Sumita Paul, Head of Distribution, Openly Investing
What makes you different?
I don’t think I am special or different in many ways, but I would say that I fall into the club of motivated mums who want to do best in their careers and support their families while making a positive impact to our communities.
I grew up in India and my family has a defence background. I grew up with friends from different parts of India, who had very different languages, traditions – an overall culture that was different to my own. I grew up believing in and living with the core value of “Unity in Diversity”.
My 20 year career in estate advice & investment planning gave me an insight into the impact of financial independence. I have seen families break apart, individuals unable to make choices they want in life because of being unprepared.
My keen interest in behavioural finance helped understand how our personalities & environment affect the choices we make. The combination of experience & training in the fiduciary, investment and behavioural finance fields gives me the ability to take a holistic approach to the different financial wellbeing choices people make.
What do you think diverse thinking is?
The ability to view a problem or take a decision by considering different point of views to ones own or using a set familiar path.
Why does it matter?
We live in a diverse world. New Zealand is a diverse country. Auckland is world’s fourth most cosmopolitan cities in the world. Our neighbours, friends, workmates, clients, consumers come from diverse backgrounds. I think diverse thinking is essential to consciously live a full life in today’s world.
How does diversity impact business bottom lines?
The success of any business depends on how well they know their customer and the efficient delivery of the product or service. Unless your business is dealing only with people who are exactly like you, in a country like NZ you run the risk of missing out on potential customers. Most importantly it is essential in creating a smart effective strategy to engage with your customer. You may end up entering into other market segments eventually but the journey could end up being a very expensive learning curve when you disregard diverse points of views.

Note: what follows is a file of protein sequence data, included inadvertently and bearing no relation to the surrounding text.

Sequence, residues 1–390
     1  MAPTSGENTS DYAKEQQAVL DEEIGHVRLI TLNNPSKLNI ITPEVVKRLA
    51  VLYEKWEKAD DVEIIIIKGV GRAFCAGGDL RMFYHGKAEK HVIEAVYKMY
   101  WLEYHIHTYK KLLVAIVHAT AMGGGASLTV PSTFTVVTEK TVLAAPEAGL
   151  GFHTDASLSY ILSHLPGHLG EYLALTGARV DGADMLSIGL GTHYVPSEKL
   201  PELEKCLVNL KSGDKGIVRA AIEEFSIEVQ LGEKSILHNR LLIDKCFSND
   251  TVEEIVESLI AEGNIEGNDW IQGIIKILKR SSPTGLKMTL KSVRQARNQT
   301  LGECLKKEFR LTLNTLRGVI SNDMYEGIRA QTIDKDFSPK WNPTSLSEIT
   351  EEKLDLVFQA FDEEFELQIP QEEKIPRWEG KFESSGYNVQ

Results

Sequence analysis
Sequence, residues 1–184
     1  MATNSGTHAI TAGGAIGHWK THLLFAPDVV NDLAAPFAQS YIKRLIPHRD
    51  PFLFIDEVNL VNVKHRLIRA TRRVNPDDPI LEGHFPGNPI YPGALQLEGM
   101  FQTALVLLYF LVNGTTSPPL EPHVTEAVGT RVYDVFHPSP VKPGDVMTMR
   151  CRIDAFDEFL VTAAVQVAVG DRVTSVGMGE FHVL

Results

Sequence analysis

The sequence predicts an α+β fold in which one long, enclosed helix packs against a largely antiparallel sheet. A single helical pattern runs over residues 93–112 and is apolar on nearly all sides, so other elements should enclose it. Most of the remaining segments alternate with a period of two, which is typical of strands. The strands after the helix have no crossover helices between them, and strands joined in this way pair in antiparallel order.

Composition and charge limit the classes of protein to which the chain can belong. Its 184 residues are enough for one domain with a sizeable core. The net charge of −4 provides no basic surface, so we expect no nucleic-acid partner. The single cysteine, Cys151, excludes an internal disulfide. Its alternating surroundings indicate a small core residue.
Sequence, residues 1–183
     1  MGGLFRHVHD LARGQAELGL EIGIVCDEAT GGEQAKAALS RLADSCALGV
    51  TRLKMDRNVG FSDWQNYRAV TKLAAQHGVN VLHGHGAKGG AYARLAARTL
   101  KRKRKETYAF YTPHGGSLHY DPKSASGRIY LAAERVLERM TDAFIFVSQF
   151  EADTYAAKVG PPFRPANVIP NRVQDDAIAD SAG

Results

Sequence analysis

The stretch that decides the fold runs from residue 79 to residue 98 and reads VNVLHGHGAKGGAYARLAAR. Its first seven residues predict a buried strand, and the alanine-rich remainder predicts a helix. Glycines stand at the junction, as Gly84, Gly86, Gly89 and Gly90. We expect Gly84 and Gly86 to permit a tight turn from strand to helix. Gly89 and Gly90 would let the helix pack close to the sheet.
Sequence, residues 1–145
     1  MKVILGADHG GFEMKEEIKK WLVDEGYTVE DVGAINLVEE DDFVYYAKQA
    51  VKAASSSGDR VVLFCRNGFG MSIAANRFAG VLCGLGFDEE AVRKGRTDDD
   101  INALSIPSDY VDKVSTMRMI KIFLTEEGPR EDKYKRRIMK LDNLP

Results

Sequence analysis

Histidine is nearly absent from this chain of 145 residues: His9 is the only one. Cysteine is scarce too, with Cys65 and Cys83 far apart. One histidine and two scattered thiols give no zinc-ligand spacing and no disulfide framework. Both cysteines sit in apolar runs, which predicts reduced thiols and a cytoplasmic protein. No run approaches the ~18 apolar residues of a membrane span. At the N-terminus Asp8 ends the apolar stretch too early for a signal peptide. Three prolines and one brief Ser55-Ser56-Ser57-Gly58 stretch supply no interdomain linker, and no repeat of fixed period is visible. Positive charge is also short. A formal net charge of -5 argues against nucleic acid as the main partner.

Now let’s talk about women and financial wellbeing
Why is it important for women to invest in their own financial wellbeing?
A woman’s wellbeing not only impacts her as an individual but due to the multiple roles she plays in the family and the community, it has a much wider impact.
How can women work towards reducing the gender wealth gap?
To start off I would say be aware of the current situation and take an active interest in understanding your current net worth. However, this is not a just a woman’s issue, it is a social issue. People of all genders need to be involved in solving this issue.
Kudos to the leadership shown by Equal Pay – YWCA & Ministry for Women in building awareness and encouraging change.